Chemotherapy (chemo) uses strong medicines to kill cancer cells. The medicines attack and kill cells that grow quickly, like cancer cells. Some normal cells also grow quickly. Because of this, chemotherapy can harm those cells. This can cause side effects.
Chemotherapy is usually given along with radiation for cervical cancer. It helps the radiation work better. This is called chemoradiation. Chemo may be used on its own to treat cervical cancer that has spread to other parts of the body or has come back after treatment.
Chemo is most often put right into your blood through an IV. It may also be taken by mouth as a pill or as an injection (shot). It may be given at your healthcare provider's office, a chemo clinic, or at a hospital infusion center. So you go home the same day. It's rare to stay in the hospital for treatment.
You get chemo in cycles over a period of time. That means you may take the medicine for a set amount of time and then you have a rest period. Each period of treatment and rest is one cycle. You may have several cycles. Having treatment in cycles helps by:
Killing more cancer cells. Chemo kills cells that are dividing quickly. Cancer cells aren't all dividing at the same time. So giving treatments in cycles allows the medicine to fight more cells.
Giving your body a rest. Treatment is hard on other cells in your body that divide quickly. This includes cells in the lining of your mouth and stomach. This causes side effects, like sores and nausea. Between cycles, your body can get a rest and heal.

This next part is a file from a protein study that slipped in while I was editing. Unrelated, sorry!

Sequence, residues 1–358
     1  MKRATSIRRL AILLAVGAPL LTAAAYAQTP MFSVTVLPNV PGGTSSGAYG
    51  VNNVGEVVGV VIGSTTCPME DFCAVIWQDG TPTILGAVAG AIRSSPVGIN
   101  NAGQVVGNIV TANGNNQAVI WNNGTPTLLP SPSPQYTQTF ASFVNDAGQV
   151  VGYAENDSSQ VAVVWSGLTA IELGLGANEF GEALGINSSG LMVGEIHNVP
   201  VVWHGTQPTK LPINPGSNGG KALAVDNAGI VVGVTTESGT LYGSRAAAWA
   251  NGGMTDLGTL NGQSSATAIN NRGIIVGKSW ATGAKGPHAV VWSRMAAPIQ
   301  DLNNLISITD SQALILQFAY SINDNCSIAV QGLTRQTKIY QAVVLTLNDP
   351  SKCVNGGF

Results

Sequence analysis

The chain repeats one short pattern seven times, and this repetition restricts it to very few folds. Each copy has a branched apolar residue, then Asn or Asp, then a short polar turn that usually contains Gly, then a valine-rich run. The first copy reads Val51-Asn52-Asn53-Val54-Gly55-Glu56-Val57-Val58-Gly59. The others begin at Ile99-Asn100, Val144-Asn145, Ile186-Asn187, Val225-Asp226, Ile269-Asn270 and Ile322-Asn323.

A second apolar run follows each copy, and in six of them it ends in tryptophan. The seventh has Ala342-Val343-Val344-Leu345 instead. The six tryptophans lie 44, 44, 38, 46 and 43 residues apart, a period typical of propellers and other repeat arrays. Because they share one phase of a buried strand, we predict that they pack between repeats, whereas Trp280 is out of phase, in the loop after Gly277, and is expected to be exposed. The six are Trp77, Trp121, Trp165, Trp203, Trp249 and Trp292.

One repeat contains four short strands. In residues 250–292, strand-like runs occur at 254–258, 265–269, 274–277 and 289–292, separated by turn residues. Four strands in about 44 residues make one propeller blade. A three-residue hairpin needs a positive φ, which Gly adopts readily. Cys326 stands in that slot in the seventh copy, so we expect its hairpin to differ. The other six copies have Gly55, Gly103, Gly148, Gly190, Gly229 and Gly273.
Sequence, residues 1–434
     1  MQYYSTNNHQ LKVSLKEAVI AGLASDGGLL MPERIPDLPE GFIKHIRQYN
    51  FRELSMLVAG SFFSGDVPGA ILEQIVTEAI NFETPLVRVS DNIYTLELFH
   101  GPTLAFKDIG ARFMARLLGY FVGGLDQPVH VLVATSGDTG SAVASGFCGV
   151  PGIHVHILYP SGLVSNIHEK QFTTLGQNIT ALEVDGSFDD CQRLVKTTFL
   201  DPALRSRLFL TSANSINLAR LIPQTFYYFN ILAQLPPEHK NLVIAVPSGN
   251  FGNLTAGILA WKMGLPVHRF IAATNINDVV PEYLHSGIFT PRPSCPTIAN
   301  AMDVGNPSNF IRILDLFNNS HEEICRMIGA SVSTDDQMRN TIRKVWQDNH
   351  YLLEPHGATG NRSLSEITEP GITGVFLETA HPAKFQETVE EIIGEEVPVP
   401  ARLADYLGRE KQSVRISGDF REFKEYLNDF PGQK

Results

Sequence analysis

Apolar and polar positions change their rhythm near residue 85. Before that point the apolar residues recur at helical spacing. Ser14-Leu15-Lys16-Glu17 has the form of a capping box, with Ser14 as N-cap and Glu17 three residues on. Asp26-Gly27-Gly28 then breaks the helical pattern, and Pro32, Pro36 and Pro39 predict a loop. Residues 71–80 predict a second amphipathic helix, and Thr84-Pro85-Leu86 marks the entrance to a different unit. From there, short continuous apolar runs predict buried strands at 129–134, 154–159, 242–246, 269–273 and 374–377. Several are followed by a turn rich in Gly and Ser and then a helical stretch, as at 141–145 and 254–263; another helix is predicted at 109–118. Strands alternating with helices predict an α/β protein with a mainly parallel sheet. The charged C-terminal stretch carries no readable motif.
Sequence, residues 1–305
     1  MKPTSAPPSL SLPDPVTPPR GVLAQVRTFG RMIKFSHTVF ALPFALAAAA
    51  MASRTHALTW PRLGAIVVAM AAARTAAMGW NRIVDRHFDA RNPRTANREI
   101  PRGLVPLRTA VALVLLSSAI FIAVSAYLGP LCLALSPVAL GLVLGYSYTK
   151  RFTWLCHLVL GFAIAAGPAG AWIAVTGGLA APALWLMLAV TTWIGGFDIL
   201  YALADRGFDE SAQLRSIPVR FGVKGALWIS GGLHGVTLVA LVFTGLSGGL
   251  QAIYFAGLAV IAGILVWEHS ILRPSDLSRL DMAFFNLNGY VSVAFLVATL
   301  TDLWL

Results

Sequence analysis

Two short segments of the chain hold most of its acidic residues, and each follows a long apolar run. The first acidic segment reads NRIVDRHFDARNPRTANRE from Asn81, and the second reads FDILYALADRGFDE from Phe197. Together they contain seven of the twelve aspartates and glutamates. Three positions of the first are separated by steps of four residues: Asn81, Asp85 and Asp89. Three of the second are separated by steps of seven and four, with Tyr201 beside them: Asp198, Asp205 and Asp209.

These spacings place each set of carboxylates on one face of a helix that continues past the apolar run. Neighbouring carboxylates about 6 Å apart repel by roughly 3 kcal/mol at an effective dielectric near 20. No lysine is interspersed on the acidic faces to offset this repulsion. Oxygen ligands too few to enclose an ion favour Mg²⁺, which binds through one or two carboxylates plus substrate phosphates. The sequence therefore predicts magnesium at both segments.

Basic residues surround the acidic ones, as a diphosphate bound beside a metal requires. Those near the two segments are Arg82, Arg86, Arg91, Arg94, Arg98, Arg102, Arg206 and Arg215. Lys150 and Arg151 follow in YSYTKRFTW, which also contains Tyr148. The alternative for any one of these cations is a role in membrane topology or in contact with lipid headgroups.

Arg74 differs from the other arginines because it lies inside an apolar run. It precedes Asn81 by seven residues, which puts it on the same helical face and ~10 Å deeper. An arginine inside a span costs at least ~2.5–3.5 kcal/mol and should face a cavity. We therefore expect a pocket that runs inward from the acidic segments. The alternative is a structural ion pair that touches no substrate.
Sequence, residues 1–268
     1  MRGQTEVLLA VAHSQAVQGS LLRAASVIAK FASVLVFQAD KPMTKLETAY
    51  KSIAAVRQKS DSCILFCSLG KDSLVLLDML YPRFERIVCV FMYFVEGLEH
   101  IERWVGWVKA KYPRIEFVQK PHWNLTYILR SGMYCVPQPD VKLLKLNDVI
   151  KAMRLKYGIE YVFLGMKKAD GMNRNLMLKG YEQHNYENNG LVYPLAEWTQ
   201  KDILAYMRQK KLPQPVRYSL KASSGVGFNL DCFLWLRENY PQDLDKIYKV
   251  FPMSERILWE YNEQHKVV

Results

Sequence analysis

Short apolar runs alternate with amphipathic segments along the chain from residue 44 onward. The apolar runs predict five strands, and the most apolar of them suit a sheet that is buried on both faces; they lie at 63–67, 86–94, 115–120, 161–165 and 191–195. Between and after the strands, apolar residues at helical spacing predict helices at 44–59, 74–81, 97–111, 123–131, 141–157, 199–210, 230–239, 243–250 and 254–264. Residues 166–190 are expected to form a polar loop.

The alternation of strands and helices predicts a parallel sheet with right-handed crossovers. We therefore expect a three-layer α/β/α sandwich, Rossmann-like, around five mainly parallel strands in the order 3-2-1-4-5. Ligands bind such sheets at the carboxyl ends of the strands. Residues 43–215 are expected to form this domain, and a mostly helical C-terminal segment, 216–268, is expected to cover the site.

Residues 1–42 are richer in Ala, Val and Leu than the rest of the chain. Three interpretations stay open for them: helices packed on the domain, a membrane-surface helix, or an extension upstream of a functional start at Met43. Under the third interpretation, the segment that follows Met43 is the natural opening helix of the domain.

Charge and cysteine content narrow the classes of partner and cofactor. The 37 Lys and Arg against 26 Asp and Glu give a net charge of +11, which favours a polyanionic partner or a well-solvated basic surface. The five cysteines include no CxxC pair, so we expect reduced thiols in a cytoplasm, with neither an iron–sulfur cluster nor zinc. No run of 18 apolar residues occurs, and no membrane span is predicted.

Giving your mind a rest. Getting chemo can be stressful. Rests between cycles can let you get an emotional break between treatments.
Chemo is commonly given every 3 to 4 weeks. But schedules vary. Your healthcare provider will review the schedule with you based on the chemo medicines used for your treatment.
You may get radiation therapy at the same time as chemotherapy. This is because chemo can help radiation therapy work better. In this case, you may get chemo weekly.
Chemo for cervical cancer is usually done with a combination of medicines that are given into an IV. These are some of the medicines most often used:
Chemo side effects depend on the type and dose of medicines you're taking. They tend to be worse when radiation and chemo are given at the same time. But they vary from person to person. Here's a list of common side effects:
Bruising and bleeding easily
Nerve damage (peripheral neuropathy)
Feeling very tired (fatigue) or having less energy
Increased chance of infections
Nausea and vomiting
Shortness of breath
Menstrual changes or infertility
Many of these side effects can be controlled. And most will go away or get better between treatments. Some may last longer or be permanent. Tell your healthcare provider or nurse about any changes or side effects that you notice. There may be things you can do or medicines you can take to manage them. Most side effects go away over time after your treatments end.
It's important to know which medicines you're taking. Write down the names of your medicines. Ask your healthcare team how they work, what they're for, and what side effects they might have.
Talk with your healthcare providers about what signs to look for and when to call them. For instance, chemo can make you more likely to get infections. Your healthcare provider will likely want you to call if you have signs of infection, such as:
Burning during urination
Fever of 100.4°F (38°C) or higher, or as advised by your healthcare provider
New cough or shortness of breath
Redness, swelling, and warmth at the site of an IV or injury
Make sure you know what number to call with questions. Is there a different number for evenings, holidays, and weekends?
It may be helpful to keep a diary of your side effects. Write down physical, thinking, and emotional changes. A written list will make it easier for you to remember your questions when you go to your appointments. It will also make it easier for you to work with your healthcare team to make a plan to manage your side effects.